Dig into some delicious hummus and falafels from the Middle East.

I have loved Middle Eastern cuisine ever since I lived in the region in 2010. Personally, I feel it is one of the healthiest cuisines in the world. Stacked with just the right amount of proteins, carbs, and greens, Middle Eastern food can never go wrong. What’s better is that this cuisine offers a lot of vegetarian and vegan options to go on your plate.

What To Eat In Bangkok - Not The Typical Food Guide | Stories by Soumya
Falafels in Bangkok – still wondering what to eat in Bangkok???

After a good deal of research, we found that Nadimos was a great place to enjoy Lebanese food in Bangkok. They have got two branches in the city and are child-friendly. We loved their Hummus, Falafels, Batata Harra, and Mahalabiya pudding.

What To Eat In Bangkok - Not The Typical Food Guide | Stories by Soumya
A bowl of Mahalabiya – we loved this so much we had to order for a second round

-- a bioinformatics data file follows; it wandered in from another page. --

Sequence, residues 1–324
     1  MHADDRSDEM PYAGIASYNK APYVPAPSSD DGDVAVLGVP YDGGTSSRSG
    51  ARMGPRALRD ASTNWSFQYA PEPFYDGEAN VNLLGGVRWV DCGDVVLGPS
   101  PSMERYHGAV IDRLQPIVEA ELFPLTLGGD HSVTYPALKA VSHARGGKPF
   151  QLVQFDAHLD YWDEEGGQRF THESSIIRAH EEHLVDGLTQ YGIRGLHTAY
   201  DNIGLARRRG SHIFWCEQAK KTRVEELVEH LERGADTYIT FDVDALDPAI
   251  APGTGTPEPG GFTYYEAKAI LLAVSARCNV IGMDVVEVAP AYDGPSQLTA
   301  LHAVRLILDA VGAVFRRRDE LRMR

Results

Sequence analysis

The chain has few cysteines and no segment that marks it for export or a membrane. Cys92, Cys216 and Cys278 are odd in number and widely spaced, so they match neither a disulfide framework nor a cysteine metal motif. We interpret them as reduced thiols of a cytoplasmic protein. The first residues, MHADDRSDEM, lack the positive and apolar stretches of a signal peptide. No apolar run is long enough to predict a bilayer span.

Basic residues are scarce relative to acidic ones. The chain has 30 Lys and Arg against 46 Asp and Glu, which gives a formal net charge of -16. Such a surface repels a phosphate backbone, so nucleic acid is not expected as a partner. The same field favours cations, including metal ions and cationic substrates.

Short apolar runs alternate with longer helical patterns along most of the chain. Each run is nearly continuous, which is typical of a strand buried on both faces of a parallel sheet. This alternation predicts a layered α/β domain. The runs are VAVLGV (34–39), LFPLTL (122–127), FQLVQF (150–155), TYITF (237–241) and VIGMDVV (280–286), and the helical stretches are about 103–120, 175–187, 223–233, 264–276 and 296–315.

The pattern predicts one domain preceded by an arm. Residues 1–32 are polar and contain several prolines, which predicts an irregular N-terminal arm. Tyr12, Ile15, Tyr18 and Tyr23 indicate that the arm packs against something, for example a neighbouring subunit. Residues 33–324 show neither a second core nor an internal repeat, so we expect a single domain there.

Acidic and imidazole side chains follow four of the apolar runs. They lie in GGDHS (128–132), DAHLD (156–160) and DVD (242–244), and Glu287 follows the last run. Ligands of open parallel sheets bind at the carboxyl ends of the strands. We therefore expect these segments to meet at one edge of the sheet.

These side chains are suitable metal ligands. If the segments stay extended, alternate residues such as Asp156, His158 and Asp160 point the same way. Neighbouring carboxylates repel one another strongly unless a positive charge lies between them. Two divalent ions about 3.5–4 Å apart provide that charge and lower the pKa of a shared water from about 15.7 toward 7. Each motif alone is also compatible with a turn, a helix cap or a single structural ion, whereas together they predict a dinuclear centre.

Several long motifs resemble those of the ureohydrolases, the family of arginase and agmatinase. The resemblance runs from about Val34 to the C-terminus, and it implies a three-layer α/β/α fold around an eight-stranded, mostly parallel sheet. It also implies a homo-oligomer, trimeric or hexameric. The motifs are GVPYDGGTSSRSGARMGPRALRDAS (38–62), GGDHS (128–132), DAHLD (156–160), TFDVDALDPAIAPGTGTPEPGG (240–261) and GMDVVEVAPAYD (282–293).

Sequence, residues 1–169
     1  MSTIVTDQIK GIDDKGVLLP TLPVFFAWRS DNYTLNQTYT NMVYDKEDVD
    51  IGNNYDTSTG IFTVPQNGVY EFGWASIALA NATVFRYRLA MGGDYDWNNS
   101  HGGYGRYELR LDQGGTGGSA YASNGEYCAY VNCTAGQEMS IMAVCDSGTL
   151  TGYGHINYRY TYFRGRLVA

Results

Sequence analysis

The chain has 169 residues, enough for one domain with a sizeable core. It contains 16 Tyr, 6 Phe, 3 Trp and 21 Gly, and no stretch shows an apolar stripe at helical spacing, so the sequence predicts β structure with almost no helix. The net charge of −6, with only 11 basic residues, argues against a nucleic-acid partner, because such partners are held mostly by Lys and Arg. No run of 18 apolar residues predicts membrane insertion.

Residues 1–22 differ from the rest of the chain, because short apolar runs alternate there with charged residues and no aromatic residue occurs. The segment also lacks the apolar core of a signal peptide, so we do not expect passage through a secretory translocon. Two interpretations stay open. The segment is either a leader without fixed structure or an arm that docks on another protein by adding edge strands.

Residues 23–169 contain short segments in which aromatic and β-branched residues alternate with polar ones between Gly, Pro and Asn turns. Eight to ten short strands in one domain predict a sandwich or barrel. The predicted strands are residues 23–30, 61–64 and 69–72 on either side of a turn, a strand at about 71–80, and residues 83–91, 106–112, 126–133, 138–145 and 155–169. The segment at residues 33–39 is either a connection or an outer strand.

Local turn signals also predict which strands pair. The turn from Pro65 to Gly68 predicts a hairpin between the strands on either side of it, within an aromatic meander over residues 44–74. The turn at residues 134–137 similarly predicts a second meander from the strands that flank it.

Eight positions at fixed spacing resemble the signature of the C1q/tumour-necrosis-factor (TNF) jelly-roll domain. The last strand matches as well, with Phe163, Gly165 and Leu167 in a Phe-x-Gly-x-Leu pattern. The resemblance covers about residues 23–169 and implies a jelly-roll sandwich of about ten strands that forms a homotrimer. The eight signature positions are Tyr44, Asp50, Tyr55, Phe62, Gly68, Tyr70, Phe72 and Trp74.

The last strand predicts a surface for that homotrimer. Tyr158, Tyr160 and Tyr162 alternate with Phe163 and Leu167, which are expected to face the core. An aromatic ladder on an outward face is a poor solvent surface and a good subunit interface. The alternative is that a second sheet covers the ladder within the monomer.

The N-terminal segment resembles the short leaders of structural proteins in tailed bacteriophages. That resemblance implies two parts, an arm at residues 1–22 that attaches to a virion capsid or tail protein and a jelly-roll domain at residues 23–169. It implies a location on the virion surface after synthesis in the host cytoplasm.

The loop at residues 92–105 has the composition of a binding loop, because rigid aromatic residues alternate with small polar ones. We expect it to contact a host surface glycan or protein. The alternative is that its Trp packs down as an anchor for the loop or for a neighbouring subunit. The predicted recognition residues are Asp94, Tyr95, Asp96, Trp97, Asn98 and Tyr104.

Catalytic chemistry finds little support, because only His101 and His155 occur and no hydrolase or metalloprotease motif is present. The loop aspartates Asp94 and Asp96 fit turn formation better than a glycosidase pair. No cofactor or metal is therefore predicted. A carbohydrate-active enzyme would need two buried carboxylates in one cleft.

Try Yetsom Beyaynetu from Ethiopia.

Our latest fascination has been the not-so-famous Ethiopian cuisine. We have never been to Ethiopia but have made sure we don’t miss out on their delectable dishes wherever they offer some. Their staple is a soft, brown bread called the Injera which is used to scoop out various curries. It also forms the base of the platter like you see in the picture below.

What To Eat In Bangkok - Not The Typical Food Guide | Stories by Soumya
A traditional Yetsom Beyaynetu in Bangkok

Vegetarian options are numerous in the Ethiopian cuisine and their lentil curries are yummy. They even have an assorted vegetarian platter called the Yetsom Beyaynetu. It can be easily made vegan. Misr Wat and Shiro Wat are the lentil dishes you should definitely try. Doro Wat is their spicy chicken stew which is delicious too. We had some really mouth-watering Ethiopian food at Taye Ethiopian Restaurant located in Sukhumvit, Bangkok.